Or maybe the third woman was afraid of the death threats, or of having the back-Ben-no-matter-what brigade get her name and photo and make death threats, as has happened to the first accuser. I’m not linking to the photos, or the defaced photos; and that she had the courage not to withdraw her complaint in the face of death threats is remarkable.
So what about that first accuser? Well, if Ben Roethlisberger were one of those serial rapists that Lisak has studied, we could expect him to be good at selecting victims and creating situations so that he could get away with a rape. He would leverage his celebrity, and find someone who was really eager to meet him, who maybe was a longtime fan or told her friends she had a crush on him or whatever, so that if she ever said anything he could say it was consensual and she wanted him; or that she was a crazy stalker, or some other story that throws doubt on her credibility. Since he’s a star, places like Harrah’s would help him hush it up. The cops that travel with him and cover for him could help smooth things over if the police ever became involved. And if any accuser stuck to her guns, the fans could be counted on to try to intimidate her, and Ben could disown and disclaim their actions even as they helped him get the accusers to refuse to cooperate with the police.
The Georgia case will not be criminal. The police work is hopelessly botched and I doubt the accuser has any confidence in the process. But how many times does the public have to hear the same story before reaching a conclusion about the character of the man?
So about that pro-rape lobby. Recently I wrote a comment on Amanda Hess’s Washington Citypaper blog — I’m a big fan of hers, as she combines huge reporter chops with most excellent snark — that she elevated to the text of a post:
What is clear from this thread and others is that there is a very real pro-rape lobby. They talk the language of disbelieving, but when push comes to shove . . . these trolls really do understand that women get raped when they are most vulnerable—but they are in favor of it. Whether they are actually men who hate women, or are women who hate other women, we can’t know. There are a number of possible motives for these sentiments. But they’re not really in denial—that’s a facade they drop when pressed. In fact, they’re just pro-rape. They think it ought to be open-season for predators on certain women in certain circumstances.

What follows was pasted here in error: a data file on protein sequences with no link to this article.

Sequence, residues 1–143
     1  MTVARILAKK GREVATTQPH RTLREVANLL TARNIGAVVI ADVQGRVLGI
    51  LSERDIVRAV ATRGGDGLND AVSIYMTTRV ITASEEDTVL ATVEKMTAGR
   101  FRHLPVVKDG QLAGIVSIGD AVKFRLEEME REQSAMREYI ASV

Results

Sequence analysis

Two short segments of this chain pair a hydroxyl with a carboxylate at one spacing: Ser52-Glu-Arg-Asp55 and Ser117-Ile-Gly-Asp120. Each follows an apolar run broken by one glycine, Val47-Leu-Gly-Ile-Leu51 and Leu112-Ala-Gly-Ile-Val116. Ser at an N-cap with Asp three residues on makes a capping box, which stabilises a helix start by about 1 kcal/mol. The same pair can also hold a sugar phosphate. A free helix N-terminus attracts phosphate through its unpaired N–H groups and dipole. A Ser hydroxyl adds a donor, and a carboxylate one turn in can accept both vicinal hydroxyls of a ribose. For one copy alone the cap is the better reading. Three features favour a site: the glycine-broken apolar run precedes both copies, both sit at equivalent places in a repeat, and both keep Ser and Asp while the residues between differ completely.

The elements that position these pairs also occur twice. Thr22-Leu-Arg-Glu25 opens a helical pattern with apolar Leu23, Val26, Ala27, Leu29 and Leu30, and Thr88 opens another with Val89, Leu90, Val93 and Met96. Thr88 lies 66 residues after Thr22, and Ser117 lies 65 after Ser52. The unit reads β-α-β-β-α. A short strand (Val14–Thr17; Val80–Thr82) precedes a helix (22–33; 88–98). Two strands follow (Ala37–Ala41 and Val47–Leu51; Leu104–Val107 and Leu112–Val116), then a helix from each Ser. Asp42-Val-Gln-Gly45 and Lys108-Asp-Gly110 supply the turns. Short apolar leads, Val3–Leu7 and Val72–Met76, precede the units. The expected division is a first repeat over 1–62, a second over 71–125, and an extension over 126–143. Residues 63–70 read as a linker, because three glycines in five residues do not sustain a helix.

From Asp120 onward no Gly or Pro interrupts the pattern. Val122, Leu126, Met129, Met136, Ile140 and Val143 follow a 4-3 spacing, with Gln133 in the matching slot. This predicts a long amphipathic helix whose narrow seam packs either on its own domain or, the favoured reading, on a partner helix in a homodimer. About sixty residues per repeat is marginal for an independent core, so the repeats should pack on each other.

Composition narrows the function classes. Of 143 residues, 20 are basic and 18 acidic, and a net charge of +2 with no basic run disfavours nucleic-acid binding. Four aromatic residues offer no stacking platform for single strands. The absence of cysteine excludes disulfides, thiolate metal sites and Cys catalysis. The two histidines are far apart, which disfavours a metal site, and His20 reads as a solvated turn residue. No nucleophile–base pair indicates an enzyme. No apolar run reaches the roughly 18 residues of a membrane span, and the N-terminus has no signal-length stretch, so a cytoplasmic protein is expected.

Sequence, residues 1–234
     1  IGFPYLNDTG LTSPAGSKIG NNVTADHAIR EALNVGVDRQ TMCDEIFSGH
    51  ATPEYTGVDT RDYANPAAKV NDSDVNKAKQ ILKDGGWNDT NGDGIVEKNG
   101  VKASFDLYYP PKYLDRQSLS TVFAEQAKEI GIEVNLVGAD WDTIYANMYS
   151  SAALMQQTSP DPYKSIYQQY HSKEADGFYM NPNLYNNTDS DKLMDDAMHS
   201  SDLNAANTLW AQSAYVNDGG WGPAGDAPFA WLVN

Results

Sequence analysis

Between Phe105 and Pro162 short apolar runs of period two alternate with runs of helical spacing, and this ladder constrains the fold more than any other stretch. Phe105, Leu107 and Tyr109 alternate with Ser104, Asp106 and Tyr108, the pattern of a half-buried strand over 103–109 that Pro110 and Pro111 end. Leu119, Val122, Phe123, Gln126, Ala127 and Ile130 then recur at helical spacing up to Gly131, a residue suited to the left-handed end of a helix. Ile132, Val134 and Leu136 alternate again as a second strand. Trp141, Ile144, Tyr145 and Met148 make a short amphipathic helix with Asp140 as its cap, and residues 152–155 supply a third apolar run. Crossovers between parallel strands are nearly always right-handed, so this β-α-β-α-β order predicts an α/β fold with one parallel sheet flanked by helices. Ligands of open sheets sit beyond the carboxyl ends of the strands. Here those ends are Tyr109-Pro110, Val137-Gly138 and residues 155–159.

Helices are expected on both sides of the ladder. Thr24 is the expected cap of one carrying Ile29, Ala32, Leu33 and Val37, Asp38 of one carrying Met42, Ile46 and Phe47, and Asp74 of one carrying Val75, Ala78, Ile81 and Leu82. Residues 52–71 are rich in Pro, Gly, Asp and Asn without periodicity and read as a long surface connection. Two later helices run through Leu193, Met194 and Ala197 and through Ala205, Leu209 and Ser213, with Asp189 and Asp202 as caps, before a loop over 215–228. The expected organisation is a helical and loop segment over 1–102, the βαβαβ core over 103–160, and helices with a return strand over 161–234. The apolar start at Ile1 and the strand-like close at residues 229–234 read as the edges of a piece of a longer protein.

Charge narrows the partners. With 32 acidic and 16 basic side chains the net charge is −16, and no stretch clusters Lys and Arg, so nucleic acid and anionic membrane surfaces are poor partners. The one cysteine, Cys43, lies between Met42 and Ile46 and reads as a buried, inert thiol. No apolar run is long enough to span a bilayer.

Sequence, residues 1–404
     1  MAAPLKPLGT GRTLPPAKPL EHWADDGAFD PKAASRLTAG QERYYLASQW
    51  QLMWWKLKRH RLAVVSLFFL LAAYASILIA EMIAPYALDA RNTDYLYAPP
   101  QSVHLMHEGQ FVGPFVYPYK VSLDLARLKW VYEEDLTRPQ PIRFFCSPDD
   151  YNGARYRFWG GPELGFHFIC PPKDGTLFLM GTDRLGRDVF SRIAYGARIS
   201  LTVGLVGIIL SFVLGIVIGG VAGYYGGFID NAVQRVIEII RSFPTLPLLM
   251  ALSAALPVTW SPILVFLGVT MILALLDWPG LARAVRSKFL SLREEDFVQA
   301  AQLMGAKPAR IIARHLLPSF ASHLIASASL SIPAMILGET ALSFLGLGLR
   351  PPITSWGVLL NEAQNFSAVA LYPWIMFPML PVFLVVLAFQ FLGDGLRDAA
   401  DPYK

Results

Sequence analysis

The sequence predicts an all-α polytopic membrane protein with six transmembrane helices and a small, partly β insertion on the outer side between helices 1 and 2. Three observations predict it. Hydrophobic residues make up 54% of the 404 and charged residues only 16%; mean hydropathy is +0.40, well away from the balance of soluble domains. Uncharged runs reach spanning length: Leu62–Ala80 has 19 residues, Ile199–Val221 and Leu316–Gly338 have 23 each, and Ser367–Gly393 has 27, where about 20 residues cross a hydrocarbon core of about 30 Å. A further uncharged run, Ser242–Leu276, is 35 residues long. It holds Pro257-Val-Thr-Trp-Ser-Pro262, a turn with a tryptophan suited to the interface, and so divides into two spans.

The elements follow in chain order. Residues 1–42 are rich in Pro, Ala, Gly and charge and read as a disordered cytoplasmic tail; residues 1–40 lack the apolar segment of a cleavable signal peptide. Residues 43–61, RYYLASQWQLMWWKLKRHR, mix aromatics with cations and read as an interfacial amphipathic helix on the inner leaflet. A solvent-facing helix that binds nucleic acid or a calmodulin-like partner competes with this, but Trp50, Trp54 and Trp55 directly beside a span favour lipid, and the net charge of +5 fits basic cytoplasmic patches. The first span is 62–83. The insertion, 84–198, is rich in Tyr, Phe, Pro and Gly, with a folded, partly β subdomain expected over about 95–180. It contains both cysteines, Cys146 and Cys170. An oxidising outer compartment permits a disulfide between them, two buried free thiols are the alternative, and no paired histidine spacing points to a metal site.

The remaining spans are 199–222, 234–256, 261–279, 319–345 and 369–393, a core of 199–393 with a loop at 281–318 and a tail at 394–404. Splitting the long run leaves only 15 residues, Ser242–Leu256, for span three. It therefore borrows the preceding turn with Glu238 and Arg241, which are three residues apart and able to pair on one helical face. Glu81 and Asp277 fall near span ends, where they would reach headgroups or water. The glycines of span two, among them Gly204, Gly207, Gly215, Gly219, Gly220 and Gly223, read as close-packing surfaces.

As the number of accusations mounts, and the accusations themselves look like classic engineered acquaintance rape situations — pick victims with little recourse and/or use alcohol, test boundaries, physically isolate, deny — there may be some people stupid enough not to see it. But mostly those who choose not to see it are those who don’t want to see the problem because they’re in favor of the problem. They think that any woman who wanders too close to Big Ben is a very bad girl and deserves something of his stuck up something of hers whether she wants it or not. The serial rapists themselves may be a small percentage, but the number of people who are basically their fan club is large enough to allow them to operate with impunity for a good long time.
Finally, Roger Goodell should really think about affirmative consent as a model for appropriate behavior. The league already exercises a lot of authority in players’ private conduct, and is willing to punish players for embarrassing the league even if they are not found guilty of any crime. As long as that’s true, the NFL can impose a stricter standard of sexual conduct, and can and should tell players that they have a personal responsibility to ensure the consent of any sex partner.